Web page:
The domestic bar is at a severe disadvantage. Their clients think the world centers totally around them and their problems. Heaven help a domestic lawyer if they should delay a few minutes in responding to their complaints about the argument they had with their former husband this morning or issues of child custody, etc.
On the other hand, there is a need to encourage people to make legitimate complaints. The Office of Disciplinary Counsel doesn’t have the money, like a District Attorney’s Office does, to go out and seek out misconduct. In essence, the Office of Disciplinary Counsel relies on complaints being made or information brought to their attention. For the independence of the legal profession, it is important that valid complaints are made and then timely acted on. Problems arise in the number of invalid or sometimes absolutely false complaints.
One of the most frustrating issues for a lawyer is a totally false complaint to the Disciplinary Board and the lawyer can’t bring a suit. But every complainant has absolute immunity when they file a complaint with the Office of Disciplinary Counsel. That immunity is necessary to allow people to make complaints. Otherwise, valid complaints might not ever be raised. But it’s very frustrating to the lawyer when the complaint is malicious and falsely made. The lawyer has no remedy to sue the person. The exception, of course, is if the person publicizes a complaint. If one publicizes a complaint under the Pennsylvania Disciplinary Board Rules, then the immunity from the suit is lost.
But the endless and harassing complaints don’t have any real answer. The Office of Disciplinary Counsel does their best to weed those out. Many times, complaints are dismissed and the respondent attorney doesn’t know of the complaint.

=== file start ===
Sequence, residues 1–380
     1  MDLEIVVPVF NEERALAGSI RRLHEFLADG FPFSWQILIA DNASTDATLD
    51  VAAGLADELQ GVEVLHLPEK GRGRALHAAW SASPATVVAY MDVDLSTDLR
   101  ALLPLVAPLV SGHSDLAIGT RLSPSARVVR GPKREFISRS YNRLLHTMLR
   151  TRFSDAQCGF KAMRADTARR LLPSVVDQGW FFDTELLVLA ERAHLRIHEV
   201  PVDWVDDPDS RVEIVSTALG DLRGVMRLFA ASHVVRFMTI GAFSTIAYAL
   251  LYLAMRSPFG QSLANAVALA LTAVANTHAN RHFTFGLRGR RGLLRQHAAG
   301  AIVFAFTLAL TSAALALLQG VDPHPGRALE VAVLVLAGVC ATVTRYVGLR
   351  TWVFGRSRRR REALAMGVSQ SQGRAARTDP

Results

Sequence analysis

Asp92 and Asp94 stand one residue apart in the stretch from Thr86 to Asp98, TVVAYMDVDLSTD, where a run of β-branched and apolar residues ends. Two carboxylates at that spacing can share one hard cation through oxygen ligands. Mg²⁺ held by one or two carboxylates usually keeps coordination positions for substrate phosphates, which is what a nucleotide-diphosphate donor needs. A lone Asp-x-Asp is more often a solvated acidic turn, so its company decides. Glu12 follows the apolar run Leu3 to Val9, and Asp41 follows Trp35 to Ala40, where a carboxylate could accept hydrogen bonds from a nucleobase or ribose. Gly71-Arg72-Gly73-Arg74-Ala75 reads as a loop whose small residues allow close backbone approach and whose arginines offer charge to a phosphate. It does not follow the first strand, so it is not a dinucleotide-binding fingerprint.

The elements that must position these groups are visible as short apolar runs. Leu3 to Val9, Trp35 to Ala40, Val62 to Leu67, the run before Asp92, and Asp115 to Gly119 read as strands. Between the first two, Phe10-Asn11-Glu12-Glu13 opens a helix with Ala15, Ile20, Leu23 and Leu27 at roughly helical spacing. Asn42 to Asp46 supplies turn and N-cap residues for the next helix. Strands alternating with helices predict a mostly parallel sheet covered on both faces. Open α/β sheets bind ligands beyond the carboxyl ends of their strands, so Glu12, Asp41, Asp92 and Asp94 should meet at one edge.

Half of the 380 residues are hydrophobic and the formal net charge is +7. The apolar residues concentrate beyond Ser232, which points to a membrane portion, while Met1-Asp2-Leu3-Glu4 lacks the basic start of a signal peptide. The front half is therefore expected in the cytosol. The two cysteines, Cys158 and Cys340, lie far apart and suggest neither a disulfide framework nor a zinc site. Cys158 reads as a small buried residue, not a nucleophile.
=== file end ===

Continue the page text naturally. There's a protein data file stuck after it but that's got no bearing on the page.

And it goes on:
Going hand-in-hand with the increased number of false or inaccurate disciplinary complaints is the new trend to go on the internet to post bad reviews about lawyers even if, at times, they are not warranted. I have seen clients just make up things for bad reviews. Further, employees of law firms when they leave oftentimes will write horrible letters about their employers. It is not an uncommon occurrence now where a client will threaten a lawyer with writing bad reviews, even to the extent of demanding a fee reduction or else the bad review will be forthcoming.
Of course, clients can be sued, but most people don’t have money or insurance to pay a judgment.
It isn’t easy to be a professional anymore. That’s the way the world is. Perhaps someday again there will be some respect given for professionalism and knowledge and perhaps someday clients will once again come to value and respect the professionalism of their lawyer. But until that day comes, the life of a lawyer is not easy and practicing law is not as much fun as it used to be.
It’s not a good idea to date a former client.
I am a lawyer and a former client and I have become friends and now we’re starting to date and presumably might have an intimate relationship. Is there anything that prohibits that?